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Helpful Tips for Negotiation image
Guardian's Guide To... 7/8/2020 4:31:07 PM

Helpful Tips for Negotiation

If we mentioned it once, we’ll mention it a thousand more times: Residential real estate transactions are complex and time-consuming. So now the time has come – you’ve gone through all the open-houses and showings, and finally found “the one.” It’s time to make an offer. And while this is where things can start to get complex, this one is for all the marbles. So fasten your seatbelt, your road to becoming a home owner is going to kick into high gear.

In today’s market, your offer is likely not the only offer on the seller’s plate. If your offer is chosen, the seller will still likely counteroffer, and the back-and-forth can potentially go on for many rounds.

The negotiation process during the transaction can get overwhelming, but your real estate agent should be able to confidently guide you through it, while at the same time put you in the best possible position commensurate with your needs and budget. Hence, for most questions regarding negotiations, we’d encourage you to lean on your agent as much as possible.

We especially want to see you get the home of your dreams at the right price and terms for you. The following are just a few tips that should help you come out on top in this competitive market…

Pre-Qualification Letter

Not only is a pre-qualification letter from your mortgage company required with an offer, it can help you out quite a bit with your negotiations. Did you know that sharing the maximum amount you are approved for could hurt your negotiations? For example, if you're offering a number under the listing price and the seller sees the higher amount you can borrow, it should only be expected that they’re probably not going to be inclined to agree to that lower price.

We actually recommend asking for two pre-qualifying letters from your mortgage provider: one with your ideal loan amount, and one with the max amount you can borrow. This way, if you find a house with a price tag slightly over your original budgeted amount, you can still stay “in the game” for the house you want. We’re sure you’ll agree that, when you’re at the negotiating table, anything that can increase your chances of success is a good idea.

Personal Letter*

Speaking of increasing your chances and letters, another good idea is to include a personal letter introducing yourself and your family with the offer you submit. While the real estate transaction itself is all about business, the sellers typically have strong emotional ties to their home and the neighborhood they’re about to leave. A personal letter from you might go a long way toward giving them the confidence that they're leaving their home and neighbors in good hands.

While personal letters are a growing trend, they are not yet something a lot of buyers do, so hopping on this trend now can go a long way toward helping set you apart from other offers. Your letter should include a little background about you and your family, what you love about the house and neighborhood, and why you’re ready to call this place “home.”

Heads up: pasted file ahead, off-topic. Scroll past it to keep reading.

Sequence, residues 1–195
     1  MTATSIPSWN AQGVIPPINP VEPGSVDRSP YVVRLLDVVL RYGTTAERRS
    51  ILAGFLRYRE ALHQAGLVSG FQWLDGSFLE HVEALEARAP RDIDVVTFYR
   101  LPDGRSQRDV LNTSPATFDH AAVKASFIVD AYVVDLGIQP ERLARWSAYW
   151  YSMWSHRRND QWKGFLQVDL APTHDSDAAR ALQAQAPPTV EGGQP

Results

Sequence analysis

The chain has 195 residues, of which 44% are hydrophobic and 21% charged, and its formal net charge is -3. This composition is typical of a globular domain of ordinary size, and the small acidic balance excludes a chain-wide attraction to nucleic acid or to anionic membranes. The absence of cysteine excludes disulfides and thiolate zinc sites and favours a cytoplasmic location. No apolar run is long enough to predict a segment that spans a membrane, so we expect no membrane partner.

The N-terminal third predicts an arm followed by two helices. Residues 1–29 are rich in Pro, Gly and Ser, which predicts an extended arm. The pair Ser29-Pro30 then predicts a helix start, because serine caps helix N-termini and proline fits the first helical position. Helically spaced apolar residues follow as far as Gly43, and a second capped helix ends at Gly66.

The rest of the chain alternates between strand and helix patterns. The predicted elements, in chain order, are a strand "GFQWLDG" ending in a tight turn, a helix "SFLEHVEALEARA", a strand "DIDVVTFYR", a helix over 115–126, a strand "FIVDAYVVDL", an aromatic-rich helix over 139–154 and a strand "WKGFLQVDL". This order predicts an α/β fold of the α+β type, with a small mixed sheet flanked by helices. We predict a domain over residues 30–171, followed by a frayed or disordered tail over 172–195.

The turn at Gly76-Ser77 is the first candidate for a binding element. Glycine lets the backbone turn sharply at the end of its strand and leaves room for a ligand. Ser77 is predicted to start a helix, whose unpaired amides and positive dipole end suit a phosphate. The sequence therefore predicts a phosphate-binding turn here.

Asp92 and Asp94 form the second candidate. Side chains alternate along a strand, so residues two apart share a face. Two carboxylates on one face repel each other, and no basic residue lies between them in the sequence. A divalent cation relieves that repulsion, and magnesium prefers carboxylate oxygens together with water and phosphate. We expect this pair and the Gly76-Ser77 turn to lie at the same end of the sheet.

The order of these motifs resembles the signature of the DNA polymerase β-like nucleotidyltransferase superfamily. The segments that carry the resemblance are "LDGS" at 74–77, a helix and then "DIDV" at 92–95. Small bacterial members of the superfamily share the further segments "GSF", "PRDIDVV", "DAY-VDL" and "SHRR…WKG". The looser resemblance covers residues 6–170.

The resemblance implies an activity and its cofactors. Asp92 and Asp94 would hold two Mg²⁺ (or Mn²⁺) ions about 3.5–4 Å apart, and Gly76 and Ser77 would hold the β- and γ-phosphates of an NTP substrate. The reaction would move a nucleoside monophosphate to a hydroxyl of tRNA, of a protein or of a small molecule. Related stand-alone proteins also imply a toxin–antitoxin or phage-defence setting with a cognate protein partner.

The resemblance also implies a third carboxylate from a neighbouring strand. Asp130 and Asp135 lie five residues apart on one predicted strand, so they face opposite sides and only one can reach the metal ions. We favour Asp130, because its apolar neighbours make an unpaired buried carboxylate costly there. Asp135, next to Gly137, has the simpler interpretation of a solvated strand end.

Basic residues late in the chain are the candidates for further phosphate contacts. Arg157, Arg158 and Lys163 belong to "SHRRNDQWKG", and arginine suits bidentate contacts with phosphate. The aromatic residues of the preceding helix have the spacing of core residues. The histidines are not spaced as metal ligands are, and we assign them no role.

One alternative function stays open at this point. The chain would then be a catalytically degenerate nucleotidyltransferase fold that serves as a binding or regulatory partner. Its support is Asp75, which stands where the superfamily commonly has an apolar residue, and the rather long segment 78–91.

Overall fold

For the sake of conveying sincerity and your true personality, It’s a good idea to draft the letter yourself and then pass it along for your agent to review and include other relevant information they feel will help.

Be Ready to Haggle

Don’t be surprised, or frustrated, if there are a few rounds of negotiating before settling on a final price. And even after you’ve settled on the price, there could even be a few more rounds of negotiations before final closing. During this time it’s important to remember that while price is the biggest piece of the puzzle, it’s not the only piece. You will also be negotiating over things like a home warranty, a new carpet allowance, closing costs and more. All these factors are important, as they’ll mostly be covered by the seller, who will use them as leverage in an attempt to stay firm on price.

Another area of focus to expect continued negotiations on will be repair costs after the inspection. Major structural issues will represent a whole new level of challenge and conversation, but the more minor issues found during the inspection will likely be resolved relatively easily.

If you’re prepared for these renegotiations, the more likely you are to remain flexible and at ease during the entire process. While it’s easy to get frustrated, it’s important to stay focused on your goal: getting into the home you love.

At the end of the day, your real estate agent is the person most equipped to walk you through the entire negotiation process. While you’ll probably only go through this process a few times in your life, real estate agents going through the process several times a month. So go ahead and lean on them, and trust that they have your best interest at heart.

We hope you found this article helpful to better prepare yourself to seamlessly and successfully make your way through the real estate negotiating process.

*Certain states may prohibit a personal letter as a matter of law, so check with your real estate agent first.

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